SUAO, YILAN, Taiwan (Reuters) - Six fishermen were believed trapped in boats twelve hours after a bridge collapsed into a harbor in northeastern Taiwan on Tuesday, injuring 10 other people as it crushed several fishing boats.
The rescue mission continued into the nighttime, as hundreds of rescuers scrambled to use cranes, excavators and other equipment to free the boats under spotlights.
“Six people were still trapped in the boats and the rescue mission continues,” the National Fire Agency said in a statement.
Earlier in the afternoon, military tugs pulled out the wreck of one fishing boat but no survivors were found.
The agency said most of the ten injured were foreign fishermen. All six missing crew were from Indonesia and the Philippines.
“The bridge collapsed at around 9:30 a.m. while an oil tanker vehicle was on it, setting the vehicle on fire,” said Shih I-chun, the secretary to the mayor of the port town of Suao, the site of the collapse.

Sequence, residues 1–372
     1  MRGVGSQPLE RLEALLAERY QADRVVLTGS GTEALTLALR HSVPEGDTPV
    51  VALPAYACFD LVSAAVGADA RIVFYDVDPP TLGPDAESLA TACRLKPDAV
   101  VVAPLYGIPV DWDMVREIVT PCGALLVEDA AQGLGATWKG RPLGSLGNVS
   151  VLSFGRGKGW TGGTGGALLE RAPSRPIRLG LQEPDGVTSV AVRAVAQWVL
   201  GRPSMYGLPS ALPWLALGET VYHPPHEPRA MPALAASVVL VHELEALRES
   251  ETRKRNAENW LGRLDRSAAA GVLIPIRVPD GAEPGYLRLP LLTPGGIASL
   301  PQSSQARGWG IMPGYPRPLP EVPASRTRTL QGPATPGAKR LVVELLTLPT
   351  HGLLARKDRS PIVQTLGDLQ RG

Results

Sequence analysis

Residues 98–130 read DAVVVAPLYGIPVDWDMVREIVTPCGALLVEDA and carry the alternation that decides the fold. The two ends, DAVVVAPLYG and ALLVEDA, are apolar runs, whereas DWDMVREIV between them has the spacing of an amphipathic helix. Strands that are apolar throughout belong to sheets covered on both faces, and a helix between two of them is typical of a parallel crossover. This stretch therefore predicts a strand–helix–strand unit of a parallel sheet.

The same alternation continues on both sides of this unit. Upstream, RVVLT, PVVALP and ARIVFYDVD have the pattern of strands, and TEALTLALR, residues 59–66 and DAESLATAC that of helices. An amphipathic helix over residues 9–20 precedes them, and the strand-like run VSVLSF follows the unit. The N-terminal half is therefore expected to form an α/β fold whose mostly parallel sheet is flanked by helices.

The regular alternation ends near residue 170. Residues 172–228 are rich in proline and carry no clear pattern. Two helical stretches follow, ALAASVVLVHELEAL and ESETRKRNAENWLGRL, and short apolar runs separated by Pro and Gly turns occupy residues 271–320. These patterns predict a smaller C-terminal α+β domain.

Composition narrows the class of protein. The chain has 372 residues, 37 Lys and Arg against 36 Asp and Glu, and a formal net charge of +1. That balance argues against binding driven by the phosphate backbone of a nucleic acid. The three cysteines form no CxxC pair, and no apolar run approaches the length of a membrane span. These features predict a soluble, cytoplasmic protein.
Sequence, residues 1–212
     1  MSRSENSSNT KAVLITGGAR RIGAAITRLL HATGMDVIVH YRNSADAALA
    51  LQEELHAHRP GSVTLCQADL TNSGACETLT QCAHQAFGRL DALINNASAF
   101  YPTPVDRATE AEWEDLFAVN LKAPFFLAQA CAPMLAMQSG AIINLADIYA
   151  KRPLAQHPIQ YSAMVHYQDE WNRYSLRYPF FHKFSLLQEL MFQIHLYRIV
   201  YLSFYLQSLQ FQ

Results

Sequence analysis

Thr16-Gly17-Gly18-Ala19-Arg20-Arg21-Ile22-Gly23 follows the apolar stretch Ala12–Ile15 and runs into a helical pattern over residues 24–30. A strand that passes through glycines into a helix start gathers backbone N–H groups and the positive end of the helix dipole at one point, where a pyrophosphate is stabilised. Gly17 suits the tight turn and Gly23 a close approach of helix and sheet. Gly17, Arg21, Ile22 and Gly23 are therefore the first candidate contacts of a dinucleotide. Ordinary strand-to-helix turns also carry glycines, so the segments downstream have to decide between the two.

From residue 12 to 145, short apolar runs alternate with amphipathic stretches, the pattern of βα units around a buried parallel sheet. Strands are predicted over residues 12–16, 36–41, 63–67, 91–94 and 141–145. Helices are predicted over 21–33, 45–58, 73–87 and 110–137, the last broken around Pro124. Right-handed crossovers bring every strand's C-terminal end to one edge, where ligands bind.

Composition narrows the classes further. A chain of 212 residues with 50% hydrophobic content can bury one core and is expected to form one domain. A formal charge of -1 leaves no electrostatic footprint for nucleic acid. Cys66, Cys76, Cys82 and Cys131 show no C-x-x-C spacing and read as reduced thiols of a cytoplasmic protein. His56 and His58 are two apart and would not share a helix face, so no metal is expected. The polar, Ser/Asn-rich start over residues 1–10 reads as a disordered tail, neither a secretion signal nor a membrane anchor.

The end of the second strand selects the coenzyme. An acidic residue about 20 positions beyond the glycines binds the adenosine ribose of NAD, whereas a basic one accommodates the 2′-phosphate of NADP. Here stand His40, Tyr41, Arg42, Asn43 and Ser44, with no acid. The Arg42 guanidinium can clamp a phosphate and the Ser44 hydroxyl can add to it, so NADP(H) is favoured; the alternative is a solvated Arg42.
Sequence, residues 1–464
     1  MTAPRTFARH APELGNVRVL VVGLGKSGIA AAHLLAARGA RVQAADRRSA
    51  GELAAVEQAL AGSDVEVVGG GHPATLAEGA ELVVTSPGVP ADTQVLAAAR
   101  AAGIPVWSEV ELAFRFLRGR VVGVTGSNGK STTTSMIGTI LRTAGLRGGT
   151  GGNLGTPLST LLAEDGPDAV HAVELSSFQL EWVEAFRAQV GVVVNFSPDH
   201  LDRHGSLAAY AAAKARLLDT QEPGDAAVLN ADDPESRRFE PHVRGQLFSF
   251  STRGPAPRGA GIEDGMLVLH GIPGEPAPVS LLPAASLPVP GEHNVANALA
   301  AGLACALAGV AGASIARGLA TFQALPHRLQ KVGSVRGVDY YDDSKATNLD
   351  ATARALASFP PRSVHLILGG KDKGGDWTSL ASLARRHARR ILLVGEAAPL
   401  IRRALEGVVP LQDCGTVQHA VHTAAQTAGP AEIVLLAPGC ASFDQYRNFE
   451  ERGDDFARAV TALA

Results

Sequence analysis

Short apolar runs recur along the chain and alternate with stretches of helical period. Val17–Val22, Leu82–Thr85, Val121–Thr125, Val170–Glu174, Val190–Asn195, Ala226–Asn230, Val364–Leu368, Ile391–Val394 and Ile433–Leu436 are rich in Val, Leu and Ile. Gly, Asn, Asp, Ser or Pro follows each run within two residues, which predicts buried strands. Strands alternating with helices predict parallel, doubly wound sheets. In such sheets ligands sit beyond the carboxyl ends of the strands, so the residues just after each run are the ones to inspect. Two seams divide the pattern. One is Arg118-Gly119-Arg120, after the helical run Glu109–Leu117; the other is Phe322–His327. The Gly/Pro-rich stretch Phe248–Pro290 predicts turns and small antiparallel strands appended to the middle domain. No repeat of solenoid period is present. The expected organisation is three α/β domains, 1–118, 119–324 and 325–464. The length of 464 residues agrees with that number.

“We feared that some fishermen might be trapped in the boats.”
Taiwan President Tsai Ing-wen told reporters near the port in Suao that the government “must find out the cause of the incident and should not evade responsibility,” adding that she has ordered security checks for all old bridges in Taiwan.
The government has set up a task force to investigate the incident.
(Graphic: Taiwan bridge collapse, here)
Authorities have set up an emergency center and the military said marines and the navy were helping with the rescue efforts.
“Saving life is the priority,” Taiwan Premier Su Tseng-chang said in a post on Facebook. “I will ask related authorities to make all efforts for the rescue.”
The bridge, which carries traffic over the busy fishing port, damaged three fishing boats and two vehicles, including the oil tanker, when it collapsed in clear weather, two officials said, though the reason was not immediately clear.
A tourist site dubbed the “lovers’ bridge,” it was built in 1998 and its structure was reinforced in 2018, Taiwan’s official Central News Agency said.
Reporting by Fabian Hamacher and Yimou Lee; Writing by Neil Fullick: Editing by Clarence Fernandez and Jane Wardell